Its report published today sees 2020 economic output growing by 5.5pc in gross domestic product (GDP), a major hike from its previous forecast of 4.1pc growth. It sees higher growth "on the back of strong foreign direct investment, exceptional export performance and expansion in the multinational sector".
Davy's forecast runs well ahead of recent 2020 GDP projections by the Central Bank of Ireland (4.3pc), the Department of Finance (3.9pc) and the Economic & Social Research Institute (3.3pc). Davy defends its rosier outlook, in part, by noting virtually all authorities have been underestimating the growth of FDI exports since 2017.
Davy says average home prices should rise 2pc this year and could rise further "if the top end of the market benefits from reduced Brexit uncertainty".
Home price increases last year slowed to a trickle in much of the country, particularly in Dublin, where the priciest homes have faced slack demand and price discounts.
Davy chief economist Conall Mac Coille said home prices experienced "a more aggressive slowdown than we would have thought" in 2019 amid Brexit uncertainty.
The UK's move to enter a transitional Brexit deal with the EU at the end of January, he said, could spur "the top end of the market to move up more aggressively in price". He added: "Brexit isn't going away as an issue, but at least we've got 12 months before there's the threat of another cliff edge."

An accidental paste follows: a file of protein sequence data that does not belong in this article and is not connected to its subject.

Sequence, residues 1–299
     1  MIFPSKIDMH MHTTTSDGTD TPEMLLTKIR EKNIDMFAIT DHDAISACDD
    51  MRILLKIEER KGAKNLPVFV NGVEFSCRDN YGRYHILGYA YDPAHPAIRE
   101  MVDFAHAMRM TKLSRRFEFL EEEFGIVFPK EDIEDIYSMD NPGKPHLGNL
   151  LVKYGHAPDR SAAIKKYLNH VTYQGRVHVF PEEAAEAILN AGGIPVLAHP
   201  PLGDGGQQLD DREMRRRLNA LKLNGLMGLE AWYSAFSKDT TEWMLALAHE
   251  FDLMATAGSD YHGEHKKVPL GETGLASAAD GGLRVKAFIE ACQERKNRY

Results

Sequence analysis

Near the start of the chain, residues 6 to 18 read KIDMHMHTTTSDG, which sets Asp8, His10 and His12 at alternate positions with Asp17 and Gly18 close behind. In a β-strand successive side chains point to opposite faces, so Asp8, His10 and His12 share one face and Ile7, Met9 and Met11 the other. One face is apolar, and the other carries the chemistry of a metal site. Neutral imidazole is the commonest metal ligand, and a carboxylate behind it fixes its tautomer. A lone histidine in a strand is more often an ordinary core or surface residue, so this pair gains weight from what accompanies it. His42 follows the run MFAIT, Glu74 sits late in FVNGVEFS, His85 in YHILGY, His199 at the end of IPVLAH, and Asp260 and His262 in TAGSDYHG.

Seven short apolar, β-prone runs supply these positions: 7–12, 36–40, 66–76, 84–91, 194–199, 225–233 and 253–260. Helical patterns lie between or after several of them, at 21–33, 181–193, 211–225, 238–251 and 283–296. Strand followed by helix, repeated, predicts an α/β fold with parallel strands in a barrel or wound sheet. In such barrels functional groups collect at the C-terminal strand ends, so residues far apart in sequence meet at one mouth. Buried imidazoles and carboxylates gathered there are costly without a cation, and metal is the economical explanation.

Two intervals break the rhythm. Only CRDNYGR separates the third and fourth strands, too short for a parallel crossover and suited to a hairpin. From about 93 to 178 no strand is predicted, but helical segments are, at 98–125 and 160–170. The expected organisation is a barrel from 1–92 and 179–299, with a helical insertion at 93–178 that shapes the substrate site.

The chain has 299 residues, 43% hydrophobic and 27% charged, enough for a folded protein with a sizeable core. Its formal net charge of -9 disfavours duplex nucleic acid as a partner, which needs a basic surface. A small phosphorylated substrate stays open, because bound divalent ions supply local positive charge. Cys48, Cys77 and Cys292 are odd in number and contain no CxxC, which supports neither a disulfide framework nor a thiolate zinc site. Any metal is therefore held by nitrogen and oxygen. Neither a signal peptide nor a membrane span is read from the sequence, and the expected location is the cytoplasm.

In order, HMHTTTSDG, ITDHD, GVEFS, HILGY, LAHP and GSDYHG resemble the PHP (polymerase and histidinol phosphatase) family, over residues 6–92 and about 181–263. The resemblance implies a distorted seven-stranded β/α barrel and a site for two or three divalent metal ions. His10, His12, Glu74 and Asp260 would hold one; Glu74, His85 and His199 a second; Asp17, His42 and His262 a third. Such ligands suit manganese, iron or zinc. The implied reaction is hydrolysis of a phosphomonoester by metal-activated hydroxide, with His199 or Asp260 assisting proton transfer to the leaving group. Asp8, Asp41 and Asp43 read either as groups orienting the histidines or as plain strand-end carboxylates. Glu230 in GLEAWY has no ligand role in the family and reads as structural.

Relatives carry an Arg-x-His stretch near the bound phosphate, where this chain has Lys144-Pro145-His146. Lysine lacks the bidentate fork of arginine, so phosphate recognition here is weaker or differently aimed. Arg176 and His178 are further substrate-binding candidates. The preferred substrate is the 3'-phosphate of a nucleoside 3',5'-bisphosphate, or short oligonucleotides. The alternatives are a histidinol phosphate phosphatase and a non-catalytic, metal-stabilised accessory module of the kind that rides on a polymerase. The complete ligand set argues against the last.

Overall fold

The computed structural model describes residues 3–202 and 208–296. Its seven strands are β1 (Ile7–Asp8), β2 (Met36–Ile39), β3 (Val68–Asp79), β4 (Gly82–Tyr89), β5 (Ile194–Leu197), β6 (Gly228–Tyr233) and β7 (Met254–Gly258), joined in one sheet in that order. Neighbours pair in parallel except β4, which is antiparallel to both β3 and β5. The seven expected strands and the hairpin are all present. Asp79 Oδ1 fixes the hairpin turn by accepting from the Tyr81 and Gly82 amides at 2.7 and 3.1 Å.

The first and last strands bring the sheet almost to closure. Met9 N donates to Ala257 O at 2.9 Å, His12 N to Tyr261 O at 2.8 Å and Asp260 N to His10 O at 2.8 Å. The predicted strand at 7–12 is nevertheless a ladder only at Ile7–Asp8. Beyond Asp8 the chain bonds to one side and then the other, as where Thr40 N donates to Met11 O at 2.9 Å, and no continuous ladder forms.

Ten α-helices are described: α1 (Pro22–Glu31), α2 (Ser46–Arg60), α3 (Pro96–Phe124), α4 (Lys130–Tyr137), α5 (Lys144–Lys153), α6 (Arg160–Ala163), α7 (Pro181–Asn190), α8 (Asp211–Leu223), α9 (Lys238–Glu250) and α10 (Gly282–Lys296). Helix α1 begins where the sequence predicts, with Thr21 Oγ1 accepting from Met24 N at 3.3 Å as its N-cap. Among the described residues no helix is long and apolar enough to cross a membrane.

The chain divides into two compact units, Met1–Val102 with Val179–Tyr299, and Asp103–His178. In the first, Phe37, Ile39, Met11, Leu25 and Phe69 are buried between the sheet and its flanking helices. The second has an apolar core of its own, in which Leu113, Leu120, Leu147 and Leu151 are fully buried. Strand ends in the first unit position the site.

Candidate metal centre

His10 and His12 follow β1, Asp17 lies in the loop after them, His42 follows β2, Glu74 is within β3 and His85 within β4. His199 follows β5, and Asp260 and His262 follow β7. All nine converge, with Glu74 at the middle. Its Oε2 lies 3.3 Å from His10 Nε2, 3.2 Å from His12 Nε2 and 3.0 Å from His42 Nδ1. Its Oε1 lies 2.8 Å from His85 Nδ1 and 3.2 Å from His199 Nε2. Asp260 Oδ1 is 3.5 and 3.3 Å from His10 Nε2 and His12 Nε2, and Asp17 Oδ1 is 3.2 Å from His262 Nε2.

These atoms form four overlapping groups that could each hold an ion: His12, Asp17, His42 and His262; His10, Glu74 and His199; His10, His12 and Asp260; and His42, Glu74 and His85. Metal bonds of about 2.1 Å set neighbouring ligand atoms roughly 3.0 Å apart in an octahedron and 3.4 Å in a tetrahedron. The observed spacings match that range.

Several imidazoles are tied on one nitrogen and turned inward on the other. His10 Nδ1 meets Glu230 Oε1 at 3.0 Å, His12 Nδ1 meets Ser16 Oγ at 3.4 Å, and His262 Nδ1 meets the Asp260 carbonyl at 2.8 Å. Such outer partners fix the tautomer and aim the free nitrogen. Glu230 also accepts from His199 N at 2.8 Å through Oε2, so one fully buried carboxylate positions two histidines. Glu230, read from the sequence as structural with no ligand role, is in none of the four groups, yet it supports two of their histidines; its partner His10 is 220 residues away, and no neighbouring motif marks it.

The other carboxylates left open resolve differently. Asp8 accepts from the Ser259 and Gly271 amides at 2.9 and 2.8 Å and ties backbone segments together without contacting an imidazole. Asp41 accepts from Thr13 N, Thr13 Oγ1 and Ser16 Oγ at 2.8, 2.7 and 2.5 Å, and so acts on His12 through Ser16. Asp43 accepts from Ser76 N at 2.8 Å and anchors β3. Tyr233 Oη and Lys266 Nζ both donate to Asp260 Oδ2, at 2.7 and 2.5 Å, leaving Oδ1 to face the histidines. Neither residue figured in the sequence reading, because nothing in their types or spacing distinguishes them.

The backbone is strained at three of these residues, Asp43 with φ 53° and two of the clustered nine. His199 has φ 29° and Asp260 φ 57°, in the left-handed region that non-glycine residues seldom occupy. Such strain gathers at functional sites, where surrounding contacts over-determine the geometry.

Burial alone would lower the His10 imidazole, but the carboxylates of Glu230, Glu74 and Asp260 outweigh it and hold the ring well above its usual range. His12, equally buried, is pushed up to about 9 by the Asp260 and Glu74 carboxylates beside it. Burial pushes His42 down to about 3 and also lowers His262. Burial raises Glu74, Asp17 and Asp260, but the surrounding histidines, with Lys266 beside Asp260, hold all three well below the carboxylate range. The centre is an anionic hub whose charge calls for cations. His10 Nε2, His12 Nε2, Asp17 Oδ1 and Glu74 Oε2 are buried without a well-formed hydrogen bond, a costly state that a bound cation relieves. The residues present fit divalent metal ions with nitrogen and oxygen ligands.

Davy expects construction and sales of homes to grow, with mortgage lending set to rise to €10.7bn from €9.6bn in 2019. It foresees 25,000 housing completions this year, up from 21,800 in 2019.
Davy sees exports rising 11pc last year and 7pc this year - led by 8pc growth among the 1,550 multi-national firms based here.
Consumer spending is seen growing 3.2pc in 2020, Government spending by 3.2pc and investment by 5.3pc, including a 7pc gain in building and construction.
The workforce is projected to grow by 2.5pc while unemployment would fall from the current rate of 4.8pc - already a 13-year low - to just 4.4pc.
Davy says fears of a crash-out Brexit drove indigenous firms to be exceptionally cautious as around half of companies delayed investment decisions.
"Now that a 'no-deal' Brexit cannot occur in 2020, we expect output in indigenous sectors to grow by 3.5pc in 2020, slightly faster than the 3pc in 2019," its report says.
13 January 2020